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Ruben Navarrette: Hardly profiles in courage
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Ruben Navarrette: Hardly profiles in courage

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Ruben Navarrette Jr.

On immigration, President Joe Biden is a profile in cowardice.

Criticize him. Apply pressure. Push him around a little. And, from the looks of it, Biden will reverse course and throw under the bus three of his own cabinet departments -- Justice, Homeland Security, Health and Human Services -- in a desperate attempt to save his doomed presidency.

Less than 24 hours after the Democratic Party got a thumping in this week's gubernatorial race in Virginia and survived a close call in the New Jersey governor's race, a chastened Biden ran and hid under the Resolute Desk. The president announced Wednesday that migrant families separated at the border by the Trump administration will not receive cash payments of $450,000 per person.

This contradicts an article in the Wall Street Journal, additional reporting by CNN and comments by ACLU Executive Director Anthony Romero, whose organization sued the federal government over family separation and now appears to be negotiating a settlement.

When a reporter mentioned the story and asked whether such large payments might incentivize people to enter the country illegally, Biden called the report "garbage" and said flatly that the story was "not true."

Yet, as CNN seemed to imply in its coverage, Biden could be playing word games. The president did not say whether these families might wind up with a settlement of a different size, the network reported.

A few days earlier, while in Rome for a meeting with G20 leaders, Biden ignored another question about the alleged plan. The president looked away from the reporter and scratched his forehead.

Meanwhile, at ACLU headquarters in Manhattan, you can bet there is more head-scratching going on as a result of Biden's defensiveness.

In a statement, Romero suggested Biden needed to catch up to his own administration. He also demanded that the Democrat right the wrongs of the Trump administration - as Biden has promised to do.

"President Biden may not have been fully briefed about the actions of his very own Justice Department as it carefully deliberated and considered the crimes committed against thousands of families separated from their children as an intentional governmental policy," Romero told Fox News.

"But if he follows through on what he said," he cautioned, "the president is abandoning a core campaign promise to do justice for the thousands of separated families."

According to the ACLU, citing figures provided by the government, the Trump administration separated about 5,500 children from their parents at the U.S.-Mexico border. In many cases, the authorities could not put back together what they broke. Some parents could not be located, and many children wound up in foster care or locked up for long periods of time.

In a presidential debate with Trump, Biden saw an opening. He called this treatment of migrant families "criminal" and vowed to remedy the situation if elected.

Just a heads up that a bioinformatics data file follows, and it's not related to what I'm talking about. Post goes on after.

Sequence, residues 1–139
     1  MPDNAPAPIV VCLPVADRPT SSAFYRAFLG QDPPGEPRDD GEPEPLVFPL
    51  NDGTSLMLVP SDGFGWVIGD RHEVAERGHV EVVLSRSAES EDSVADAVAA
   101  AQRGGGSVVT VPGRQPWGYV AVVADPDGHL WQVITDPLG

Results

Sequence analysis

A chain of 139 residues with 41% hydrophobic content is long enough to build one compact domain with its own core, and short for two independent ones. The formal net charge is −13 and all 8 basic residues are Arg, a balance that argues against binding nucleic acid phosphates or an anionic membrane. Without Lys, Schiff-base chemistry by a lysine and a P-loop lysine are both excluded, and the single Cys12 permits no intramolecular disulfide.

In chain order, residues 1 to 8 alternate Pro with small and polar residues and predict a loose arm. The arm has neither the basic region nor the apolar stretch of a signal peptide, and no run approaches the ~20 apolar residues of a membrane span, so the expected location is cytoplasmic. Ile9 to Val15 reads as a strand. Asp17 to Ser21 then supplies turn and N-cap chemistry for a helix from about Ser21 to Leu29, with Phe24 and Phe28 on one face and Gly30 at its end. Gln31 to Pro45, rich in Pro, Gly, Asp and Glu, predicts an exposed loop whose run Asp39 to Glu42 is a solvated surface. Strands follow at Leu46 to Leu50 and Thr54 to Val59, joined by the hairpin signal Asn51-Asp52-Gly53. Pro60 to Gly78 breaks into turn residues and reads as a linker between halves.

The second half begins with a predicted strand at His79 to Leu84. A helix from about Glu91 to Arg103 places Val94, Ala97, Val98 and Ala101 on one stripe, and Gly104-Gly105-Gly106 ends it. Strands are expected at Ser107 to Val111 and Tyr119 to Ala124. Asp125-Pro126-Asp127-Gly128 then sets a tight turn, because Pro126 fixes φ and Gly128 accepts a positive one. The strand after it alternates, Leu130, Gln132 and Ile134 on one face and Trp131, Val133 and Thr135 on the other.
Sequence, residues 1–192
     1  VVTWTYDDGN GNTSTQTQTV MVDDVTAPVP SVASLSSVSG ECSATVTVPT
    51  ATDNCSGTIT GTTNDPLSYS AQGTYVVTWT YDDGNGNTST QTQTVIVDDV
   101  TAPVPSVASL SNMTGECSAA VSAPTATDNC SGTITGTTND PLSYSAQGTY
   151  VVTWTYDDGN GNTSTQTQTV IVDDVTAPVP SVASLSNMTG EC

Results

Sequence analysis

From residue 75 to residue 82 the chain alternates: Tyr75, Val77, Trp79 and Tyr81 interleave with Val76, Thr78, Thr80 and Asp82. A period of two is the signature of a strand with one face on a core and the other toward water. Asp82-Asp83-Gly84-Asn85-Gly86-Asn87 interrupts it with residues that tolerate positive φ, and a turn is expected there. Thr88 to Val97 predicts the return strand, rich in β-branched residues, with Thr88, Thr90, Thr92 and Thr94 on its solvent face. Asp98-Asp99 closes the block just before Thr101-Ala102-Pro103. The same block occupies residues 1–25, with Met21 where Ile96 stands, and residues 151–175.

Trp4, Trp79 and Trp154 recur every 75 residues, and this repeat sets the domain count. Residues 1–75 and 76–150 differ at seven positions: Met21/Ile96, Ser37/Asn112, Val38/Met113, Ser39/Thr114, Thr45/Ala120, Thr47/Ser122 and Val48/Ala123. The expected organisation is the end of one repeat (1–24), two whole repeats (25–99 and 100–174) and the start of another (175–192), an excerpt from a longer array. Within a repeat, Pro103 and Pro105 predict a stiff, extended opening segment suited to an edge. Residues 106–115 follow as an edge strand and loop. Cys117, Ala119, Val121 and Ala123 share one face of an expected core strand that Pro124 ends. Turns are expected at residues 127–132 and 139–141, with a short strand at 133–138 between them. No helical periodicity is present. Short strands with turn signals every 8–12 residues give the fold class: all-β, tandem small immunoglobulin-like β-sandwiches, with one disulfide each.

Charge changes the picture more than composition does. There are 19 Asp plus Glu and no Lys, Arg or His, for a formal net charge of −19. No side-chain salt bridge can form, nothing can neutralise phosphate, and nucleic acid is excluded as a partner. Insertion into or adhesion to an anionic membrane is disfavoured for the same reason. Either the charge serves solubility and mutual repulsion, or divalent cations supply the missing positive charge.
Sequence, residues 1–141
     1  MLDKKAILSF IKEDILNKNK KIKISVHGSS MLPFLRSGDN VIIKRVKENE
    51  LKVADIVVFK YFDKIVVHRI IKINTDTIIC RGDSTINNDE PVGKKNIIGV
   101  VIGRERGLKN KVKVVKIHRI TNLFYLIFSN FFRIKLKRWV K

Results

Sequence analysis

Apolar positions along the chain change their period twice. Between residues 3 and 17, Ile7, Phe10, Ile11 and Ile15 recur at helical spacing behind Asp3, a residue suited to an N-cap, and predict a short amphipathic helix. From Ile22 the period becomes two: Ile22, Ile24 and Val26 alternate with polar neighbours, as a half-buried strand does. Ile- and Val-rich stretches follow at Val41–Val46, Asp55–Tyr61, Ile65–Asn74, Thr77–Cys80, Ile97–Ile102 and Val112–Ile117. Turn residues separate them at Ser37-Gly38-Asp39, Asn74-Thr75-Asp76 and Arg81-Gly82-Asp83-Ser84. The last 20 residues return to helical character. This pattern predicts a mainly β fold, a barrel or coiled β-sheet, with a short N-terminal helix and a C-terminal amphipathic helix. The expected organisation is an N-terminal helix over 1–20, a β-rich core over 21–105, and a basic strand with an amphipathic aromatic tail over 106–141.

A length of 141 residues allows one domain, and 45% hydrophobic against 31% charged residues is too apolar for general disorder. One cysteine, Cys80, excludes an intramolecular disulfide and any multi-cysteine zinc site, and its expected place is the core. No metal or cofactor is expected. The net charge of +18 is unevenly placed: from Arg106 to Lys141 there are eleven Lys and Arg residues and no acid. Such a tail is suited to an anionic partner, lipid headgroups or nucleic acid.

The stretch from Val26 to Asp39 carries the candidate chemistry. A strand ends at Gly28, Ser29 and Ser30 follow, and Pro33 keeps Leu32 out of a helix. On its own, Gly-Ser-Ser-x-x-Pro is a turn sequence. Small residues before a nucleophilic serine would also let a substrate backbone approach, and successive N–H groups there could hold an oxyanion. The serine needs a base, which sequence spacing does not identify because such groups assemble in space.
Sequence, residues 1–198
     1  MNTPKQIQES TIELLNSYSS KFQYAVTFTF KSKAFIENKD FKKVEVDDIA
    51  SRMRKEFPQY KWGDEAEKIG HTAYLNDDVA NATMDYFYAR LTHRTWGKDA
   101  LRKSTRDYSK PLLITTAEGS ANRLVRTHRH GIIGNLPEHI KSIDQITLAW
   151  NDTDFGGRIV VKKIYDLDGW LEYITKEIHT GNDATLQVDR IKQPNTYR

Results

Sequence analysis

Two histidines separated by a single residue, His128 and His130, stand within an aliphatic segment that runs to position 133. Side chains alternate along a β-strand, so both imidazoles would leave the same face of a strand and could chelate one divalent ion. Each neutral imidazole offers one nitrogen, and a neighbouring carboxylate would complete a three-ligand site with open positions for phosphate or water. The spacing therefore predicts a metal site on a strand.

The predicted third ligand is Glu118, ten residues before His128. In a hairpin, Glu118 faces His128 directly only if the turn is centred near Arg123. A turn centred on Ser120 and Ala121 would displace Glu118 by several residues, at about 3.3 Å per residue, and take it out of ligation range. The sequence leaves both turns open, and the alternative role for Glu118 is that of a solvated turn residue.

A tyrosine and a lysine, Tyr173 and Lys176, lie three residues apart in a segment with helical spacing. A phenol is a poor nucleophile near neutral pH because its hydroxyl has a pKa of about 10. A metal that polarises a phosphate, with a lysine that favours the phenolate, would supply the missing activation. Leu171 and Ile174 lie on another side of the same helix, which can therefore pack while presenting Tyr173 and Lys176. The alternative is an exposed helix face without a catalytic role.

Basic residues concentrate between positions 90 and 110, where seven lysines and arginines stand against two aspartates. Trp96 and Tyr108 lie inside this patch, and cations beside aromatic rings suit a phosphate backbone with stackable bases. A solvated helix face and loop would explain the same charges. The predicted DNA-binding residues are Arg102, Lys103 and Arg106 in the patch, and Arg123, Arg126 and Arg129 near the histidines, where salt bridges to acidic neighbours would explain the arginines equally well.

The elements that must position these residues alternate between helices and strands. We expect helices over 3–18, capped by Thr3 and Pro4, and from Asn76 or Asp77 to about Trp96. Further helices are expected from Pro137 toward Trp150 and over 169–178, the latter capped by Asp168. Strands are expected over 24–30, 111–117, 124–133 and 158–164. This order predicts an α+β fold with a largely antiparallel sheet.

Now that he has been elected, Biden has the chance to make good on his promise. But wait. Where did the chief executive disappear to?

Biden has plenty of company in Washington when it comes to saying things he doesn't mean.

For instance, how strange that the loudest voices in opposition to the idea of paying restitution to a group of people who were so horribly wronged -- who literally had their children snatched from them without due process -- are Republican lawmakers.

House Minority Leader Kevin McCarthy, R-Calif., described reports of the payments as "yet another way President Biden is putting America last." McCarthy called it "disgraceful" that "payouts to illegal immigrants could be more than the families of the fallen from 9/11 received."

Like me, McCarthy hails from the rich farmland of Central California. So he's an expert on shoveling manure.

Who said anything about "illegal immigrants"? Many of those who had their children kidnapped by Uncle Sam had traveled to the U.S.-Mexico border from Central America in the hopes of qualifying for refugee status. And, as was pointed out recently by defenders of Haitian migrants, the process of applying for asylum is 100% legal.

Obviously, the Republican Party has trouble living up to its own propaganda. When cracking down on urban street violence, or opposing amnesty for undocumented immigrants, or backing tougher sentencing laws, the GOP preaches the gospel of accountability. It's all about owning up to mistakes, taking responsibility for one's actions and paying restitution.

But how do we put a price tag on accountability? Shall we start the bidding at $450,000 per person?

Ruben Navarrette writes for the Washington Post.

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Michael Paul Williams — a columnist with the Richmond Times-Dispatch — won the 2021 Pulitzer Prize in Commentary "for penetrating and historically insightful columns that guided Richmond, a former capital of the Confederacy, through the painful and complicated process of dismantling the city's monuments to white supremacy."

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